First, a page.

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Greater Manchester leading the way on cancer

16th March 2018

Senior leaders from health and local government will today (Friday 16th March) hear how Greater Manchester is leading the way on cancer prevention, diagnosis, and care.  A new report highlighting recent achievements is scheduled to be discussed at today’s Greater Manchester Health and Care Board.  Members will hear about success stories in a range of different areas, including the examples below.

Prevention: Cancer Champions

Around 2,500 Cancer Champions have been recruited across the region and are now spreading key health messages in their communities. This is part of an effort to encourage people to take control of their own health and wellbeing.

Diagnosis: lung health check pilot

The pilot, run in conjunction with Macmillan Cancer Support, offered 2,500 smokers and ex-smokers free health checks and scans in supermarket car parks. As a result, 42 new cases of lung cancer were identified, 80% of which were early-stage and treatable.  The scheme has drawn international interest and will potentially be expanded nationally.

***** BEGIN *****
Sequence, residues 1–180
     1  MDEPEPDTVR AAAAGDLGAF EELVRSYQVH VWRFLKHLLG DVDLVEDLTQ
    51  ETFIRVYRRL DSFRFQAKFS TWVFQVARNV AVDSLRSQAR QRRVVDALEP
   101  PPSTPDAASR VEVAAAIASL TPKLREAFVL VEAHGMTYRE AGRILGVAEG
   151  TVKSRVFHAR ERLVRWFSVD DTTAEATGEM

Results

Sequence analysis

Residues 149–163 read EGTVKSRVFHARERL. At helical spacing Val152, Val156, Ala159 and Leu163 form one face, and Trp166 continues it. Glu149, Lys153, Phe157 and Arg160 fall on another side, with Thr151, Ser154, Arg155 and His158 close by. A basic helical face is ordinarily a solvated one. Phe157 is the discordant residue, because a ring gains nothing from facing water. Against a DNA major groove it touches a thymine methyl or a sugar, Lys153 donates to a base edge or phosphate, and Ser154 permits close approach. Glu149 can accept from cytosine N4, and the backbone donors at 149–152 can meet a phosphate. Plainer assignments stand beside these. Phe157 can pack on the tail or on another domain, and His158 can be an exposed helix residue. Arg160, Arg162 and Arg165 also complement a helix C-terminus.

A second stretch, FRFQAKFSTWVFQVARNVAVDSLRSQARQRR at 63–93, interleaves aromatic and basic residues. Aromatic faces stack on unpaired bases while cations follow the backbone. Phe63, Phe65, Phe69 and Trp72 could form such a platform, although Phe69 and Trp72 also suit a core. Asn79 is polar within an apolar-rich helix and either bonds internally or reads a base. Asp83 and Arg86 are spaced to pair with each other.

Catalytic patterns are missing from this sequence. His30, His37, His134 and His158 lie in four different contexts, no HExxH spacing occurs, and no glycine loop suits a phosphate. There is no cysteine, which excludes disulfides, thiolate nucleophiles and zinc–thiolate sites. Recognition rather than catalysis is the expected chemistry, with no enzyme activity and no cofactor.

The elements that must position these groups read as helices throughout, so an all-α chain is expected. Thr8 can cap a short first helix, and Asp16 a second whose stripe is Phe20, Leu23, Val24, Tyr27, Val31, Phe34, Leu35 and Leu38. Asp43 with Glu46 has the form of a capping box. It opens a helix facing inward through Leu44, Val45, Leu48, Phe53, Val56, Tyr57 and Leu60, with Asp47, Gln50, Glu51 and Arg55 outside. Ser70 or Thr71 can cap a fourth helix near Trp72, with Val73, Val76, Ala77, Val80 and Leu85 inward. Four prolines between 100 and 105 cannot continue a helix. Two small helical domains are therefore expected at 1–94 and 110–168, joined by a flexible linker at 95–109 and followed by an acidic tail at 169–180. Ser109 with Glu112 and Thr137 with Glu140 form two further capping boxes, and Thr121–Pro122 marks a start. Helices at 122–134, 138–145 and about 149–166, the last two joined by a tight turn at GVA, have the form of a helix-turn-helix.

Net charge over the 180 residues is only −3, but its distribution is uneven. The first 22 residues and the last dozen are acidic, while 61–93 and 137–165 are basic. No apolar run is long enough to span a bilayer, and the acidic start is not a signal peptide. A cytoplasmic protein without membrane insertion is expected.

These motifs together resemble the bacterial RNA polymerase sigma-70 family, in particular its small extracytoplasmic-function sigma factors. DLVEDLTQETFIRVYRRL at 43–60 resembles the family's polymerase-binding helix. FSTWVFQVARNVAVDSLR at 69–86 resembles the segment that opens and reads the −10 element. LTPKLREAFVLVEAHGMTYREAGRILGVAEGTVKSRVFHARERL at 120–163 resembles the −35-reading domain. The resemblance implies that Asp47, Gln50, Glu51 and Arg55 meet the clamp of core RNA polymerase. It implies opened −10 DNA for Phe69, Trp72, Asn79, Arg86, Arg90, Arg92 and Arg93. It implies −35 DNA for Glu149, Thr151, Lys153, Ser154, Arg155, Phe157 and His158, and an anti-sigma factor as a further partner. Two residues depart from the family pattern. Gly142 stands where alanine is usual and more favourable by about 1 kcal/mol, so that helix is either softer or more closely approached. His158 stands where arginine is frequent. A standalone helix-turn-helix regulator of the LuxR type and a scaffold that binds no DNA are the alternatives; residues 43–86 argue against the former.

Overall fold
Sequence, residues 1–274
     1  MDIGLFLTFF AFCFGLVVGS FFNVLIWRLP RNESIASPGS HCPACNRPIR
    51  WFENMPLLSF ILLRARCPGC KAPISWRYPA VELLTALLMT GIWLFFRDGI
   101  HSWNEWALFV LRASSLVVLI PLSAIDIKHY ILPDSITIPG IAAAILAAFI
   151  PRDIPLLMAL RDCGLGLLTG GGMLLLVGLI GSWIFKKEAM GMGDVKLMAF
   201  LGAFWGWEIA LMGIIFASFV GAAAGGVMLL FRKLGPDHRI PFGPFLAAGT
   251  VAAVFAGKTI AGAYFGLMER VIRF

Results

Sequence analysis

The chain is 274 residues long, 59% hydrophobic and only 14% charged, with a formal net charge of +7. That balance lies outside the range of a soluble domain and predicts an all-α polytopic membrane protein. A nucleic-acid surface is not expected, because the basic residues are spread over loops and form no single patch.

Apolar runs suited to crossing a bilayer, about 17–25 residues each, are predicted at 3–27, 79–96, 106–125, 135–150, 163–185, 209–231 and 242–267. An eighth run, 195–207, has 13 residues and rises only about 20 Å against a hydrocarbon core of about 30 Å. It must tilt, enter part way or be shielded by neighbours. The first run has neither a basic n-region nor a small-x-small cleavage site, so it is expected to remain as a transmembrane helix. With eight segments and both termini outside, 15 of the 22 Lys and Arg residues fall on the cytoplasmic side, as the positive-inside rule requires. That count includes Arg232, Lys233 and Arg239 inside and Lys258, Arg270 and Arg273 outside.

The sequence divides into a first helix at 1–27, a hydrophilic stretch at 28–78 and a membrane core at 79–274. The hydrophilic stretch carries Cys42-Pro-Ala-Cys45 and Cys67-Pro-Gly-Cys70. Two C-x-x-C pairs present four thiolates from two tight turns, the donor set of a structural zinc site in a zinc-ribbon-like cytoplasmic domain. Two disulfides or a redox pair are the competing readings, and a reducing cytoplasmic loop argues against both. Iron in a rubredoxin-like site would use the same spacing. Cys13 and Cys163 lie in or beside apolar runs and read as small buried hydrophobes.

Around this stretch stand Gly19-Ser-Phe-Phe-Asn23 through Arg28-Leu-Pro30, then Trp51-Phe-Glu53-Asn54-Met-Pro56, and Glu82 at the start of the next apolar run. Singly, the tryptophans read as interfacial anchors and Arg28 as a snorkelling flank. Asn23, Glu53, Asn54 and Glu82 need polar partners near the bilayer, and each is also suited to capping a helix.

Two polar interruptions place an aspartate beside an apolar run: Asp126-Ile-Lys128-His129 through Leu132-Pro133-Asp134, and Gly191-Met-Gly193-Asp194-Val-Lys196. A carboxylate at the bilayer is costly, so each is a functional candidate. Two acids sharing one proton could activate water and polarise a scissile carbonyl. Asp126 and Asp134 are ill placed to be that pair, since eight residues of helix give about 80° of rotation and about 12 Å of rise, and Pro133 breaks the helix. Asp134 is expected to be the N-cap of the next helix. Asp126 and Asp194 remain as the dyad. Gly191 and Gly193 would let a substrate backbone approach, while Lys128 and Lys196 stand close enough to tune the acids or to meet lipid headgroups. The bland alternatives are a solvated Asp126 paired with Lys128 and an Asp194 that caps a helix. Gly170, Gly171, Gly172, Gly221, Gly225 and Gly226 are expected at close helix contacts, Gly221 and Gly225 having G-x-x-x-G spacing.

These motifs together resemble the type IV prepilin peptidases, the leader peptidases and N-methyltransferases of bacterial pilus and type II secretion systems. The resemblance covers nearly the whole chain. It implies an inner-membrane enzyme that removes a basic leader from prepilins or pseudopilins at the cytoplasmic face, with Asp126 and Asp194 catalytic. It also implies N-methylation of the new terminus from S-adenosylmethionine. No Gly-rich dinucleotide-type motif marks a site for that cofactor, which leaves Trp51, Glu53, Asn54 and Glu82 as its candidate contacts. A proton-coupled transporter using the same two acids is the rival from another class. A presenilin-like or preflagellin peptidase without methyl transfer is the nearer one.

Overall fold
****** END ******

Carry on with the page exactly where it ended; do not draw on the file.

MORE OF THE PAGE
Care: fast track treatment

Where cancer is confirmed, patients should be treated within 62 days in the majority of cases, in line with national NHS targets. In recent years, Greater Manchester has consistently been the top performing area in England with 50% more patients being seen within seven days of referral.

Dave Shackley, Medical Director of Greater Manchester Cancer, said: “Sadly, people in Greater Manchester have a higher chance of getting cancer than the national average. However, I am proud to say that we are among the best when it comes to results for patients and the performance of the system as a whole.  We have seen significant successes in recent years but we have ambitious plans to go further and faster.  There is huge ambition to transform cancer care across Greater Manchester.”

Mike Thorpe, aged 60 and from Bury, was diagnosed with prostate cancer in 2014. He said: “Things are progressing very quickly in cancer services in Greater Manchester. The impression I have is that we are definitely leading the way in terms of improving cancer services, service user involvement, and innovation.”

Greater Manchester residents can get involved by raising awareness of cancer symptoms, offering support in their community, and helping to prevent cancer by becoming a Cancer Champion. Local people are encouraged to visit www.icangm.co.uk to find out more and sign up.